It builds on our hugely popular Making Friends & Influencing People guide, which sets out We Are Social’s principles for effective and efficient Social Media Marketing.
As you’ll see in the full ‘Sharing Is Caring’ deck (above), this framework brings together a wealth of stimuli to help you start planning your own social media strategy, including:
- Best-in class case studies
- We Are Social’s core social media marketing principles
- Our powerful 8-Step Process
- Links to a variety of other resources that will help you maintain momentum and start bringing plans to life.
To give you a flavour of our thinking though, here’s an overview of our core principles:
Before you do anything, set your business objective: what do social media need to do? Only when you’ve answered this question should you start to plan your actual approach, as that approach needs to be tailored to deliver these specific results.
1. Start with people, not technology
At its heart, Social Media is a human discipline, not a digital one, and the most powerful social strategies start with the needs of your audience rather than technological platforms and digital novelty.
2. Build conversations, not campaigns
Broadcast comms do a great job of introducing brands through the marketing equivalent of a pick-up line. However, it’s difficult to build enduring relationships through one-liners and tag-lines alone. Instead, use social media to build the everyday conversations that deepen bonds with your audience and help to foster a real sense of brand affinity.
3. Use content as a means, not an end
As Cory Doctorow says, “Conversation is king; content is just something to talk about.” It’s true that content is always vital to a conversation strategy, but it’s what people do next, as a result of consuming that content, that ultimately delivers brand value.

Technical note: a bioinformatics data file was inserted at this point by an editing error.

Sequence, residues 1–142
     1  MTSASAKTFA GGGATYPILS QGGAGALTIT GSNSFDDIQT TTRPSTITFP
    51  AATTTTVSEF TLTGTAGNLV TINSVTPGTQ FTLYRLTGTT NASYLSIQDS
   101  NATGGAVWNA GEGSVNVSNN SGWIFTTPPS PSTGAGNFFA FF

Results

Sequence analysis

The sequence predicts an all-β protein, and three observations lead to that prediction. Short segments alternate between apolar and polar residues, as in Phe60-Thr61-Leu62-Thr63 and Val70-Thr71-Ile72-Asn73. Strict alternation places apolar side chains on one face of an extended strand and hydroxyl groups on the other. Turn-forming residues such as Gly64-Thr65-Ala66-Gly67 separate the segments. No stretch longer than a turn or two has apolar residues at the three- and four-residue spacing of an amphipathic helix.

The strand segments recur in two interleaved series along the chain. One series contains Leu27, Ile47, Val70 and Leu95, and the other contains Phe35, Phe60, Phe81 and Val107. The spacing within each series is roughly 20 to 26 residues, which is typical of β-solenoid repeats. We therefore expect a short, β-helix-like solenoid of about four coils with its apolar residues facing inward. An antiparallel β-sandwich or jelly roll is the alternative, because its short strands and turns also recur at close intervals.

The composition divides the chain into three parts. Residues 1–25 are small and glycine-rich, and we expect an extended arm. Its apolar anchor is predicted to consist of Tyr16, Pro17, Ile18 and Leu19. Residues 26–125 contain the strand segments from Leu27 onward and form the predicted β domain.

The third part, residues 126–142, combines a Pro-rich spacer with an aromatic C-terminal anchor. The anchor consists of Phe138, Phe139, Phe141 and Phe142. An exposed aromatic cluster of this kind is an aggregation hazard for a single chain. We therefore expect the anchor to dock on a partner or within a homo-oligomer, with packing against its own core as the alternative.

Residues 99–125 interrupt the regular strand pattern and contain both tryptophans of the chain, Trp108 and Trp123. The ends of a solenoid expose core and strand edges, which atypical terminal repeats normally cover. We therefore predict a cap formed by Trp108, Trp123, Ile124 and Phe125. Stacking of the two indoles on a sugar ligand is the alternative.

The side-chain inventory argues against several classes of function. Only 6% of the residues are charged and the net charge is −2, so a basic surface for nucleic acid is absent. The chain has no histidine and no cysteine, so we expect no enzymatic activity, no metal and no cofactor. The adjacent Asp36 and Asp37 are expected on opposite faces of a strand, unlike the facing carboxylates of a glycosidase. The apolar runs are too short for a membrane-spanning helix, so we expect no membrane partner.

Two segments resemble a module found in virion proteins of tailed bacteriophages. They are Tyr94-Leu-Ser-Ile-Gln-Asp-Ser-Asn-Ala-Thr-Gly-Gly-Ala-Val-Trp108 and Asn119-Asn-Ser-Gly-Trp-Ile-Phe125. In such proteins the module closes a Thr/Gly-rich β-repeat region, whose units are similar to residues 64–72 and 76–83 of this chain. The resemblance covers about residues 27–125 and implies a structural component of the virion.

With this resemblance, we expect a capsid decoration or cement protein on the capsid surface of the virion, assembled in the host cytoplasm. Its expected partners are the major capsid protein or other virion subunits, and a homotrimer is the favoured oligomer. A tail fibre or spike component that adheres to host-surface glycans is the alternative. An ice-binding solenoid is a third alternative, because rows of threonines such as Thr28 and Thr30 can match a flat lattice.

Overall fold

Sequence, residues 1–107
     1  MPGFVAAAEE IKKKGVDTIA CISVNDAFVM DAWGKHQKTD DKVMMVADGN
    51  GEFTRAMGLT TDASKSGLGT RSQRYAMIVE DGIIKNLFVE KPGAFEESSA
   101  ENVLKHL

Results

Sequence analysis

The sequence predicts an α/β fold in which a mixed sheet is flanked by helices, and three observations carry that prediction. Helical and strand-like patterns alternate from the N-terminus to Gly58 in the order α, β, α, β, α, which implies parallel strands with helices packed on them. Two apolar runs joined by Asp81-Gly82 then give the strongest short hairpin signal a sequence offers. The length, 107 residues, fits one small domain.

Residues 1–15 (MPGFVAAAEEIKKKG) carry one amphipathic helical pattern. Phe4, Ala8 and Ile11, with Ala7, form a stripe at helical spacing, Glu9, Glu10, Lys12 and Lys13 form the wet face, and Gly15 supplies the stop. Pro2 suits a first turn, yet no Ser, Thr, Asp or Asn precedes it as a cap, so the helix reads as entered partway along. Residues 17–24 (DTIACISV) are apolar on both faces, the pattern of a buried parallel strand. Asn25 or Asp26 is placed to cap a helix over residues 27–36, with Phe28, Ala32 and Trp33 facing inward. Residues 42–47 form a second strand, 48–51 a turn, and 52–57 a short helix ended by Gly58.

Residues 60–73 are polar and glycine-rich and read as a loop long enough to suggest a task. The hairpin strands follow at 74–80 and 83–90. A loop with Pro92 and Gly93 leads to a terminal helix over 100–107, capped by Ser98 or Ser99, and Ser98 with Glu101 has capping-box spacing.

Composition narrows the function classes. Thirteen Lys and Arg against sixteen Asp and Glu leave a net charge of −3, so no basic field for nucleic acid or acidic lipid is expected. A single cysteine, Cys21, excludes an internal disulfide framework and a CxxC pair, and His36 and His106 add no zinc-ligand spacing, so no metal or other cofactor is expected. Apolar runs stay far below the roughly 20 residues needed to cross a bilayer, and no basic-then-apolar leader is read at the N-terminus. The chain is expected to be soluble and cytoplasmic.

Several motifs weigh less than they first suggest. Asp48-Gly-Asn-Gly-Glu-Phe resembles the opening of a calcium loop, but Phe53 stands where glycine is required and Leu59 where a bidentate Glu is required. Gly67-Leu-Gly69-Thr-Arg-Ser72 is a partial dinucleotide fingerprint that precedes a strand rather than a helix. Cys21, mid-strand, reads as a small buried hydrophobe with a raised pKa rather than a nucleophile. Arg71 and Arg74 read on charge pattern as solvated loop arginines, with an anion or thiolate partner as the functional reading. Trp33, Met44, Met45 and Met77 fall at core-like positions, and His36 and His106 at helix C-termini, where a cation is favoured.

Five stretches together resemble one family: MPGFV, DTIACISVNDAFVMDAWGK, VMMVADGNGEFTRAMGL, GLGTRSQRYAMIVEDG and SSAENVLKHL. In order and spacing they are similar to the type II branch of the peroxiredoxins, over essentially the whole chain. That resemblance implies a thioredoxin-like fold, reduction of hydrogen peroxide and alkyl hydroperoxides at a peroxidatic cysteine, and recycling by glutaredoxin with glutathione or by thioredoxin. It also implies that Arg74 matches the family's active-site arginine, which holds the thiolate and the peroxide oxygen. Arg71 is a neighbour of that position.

4. Add value to the audience’s life
Spamming people with endless updates about your products through social media is the marketing equivalent of going on a date and only talking about yourself, and is unlikely to produce the desired results. You need to add value to the audience before you can add value to the brand.
5. Listening is the new shouting
The real value in a conversation lies in the listening. The good news is that people share a huge amount of honest and spontaneous information via social media, and there are a variety of tools available that enable marketers to listen to these public conversations and so learn how to deliver better value to their audiences.
6. Spread the love
Building a great social media presence doesn’t guarantee that people will come. Like all the best parties, you need to invite people to join in, and to keep the vibe alive once they’ve arrived. Advertising can help build this momentum, but engaging influencers and inspiring them to engage others is often more effective and more efficient.
7. Always be prepared
Murphy reminds us that if anything can go wrong, it probably will do sooner or later. Social media is a highly public environment, and things can go wrong. However, preparing a 3As plan – Alert, Assess, Act – can mitigate risks and ensure problems (and opportunities) are dealt with in the most effective way possible:
- Alert: set up tools and processes that raise the alarm if certain things happen.
- Assess: have a process in place that ensures the right people can determine the scale of the issue at hand, and what needs to be done about it, by whom, and when.
- Act: define clear roles and responsibilities so that everyone understands their role and can get moving quickly.
8. Measure your progress
If you can’t prove the ROI of social media activities, you probably need to rethink your approach. However, ROI isn’t just about sales and revenue, because everyone in the business ultimately contributes to those. When it comes to social media measurement, the important thing is to focus on your objectives, and track how social media is contributing to achieving them.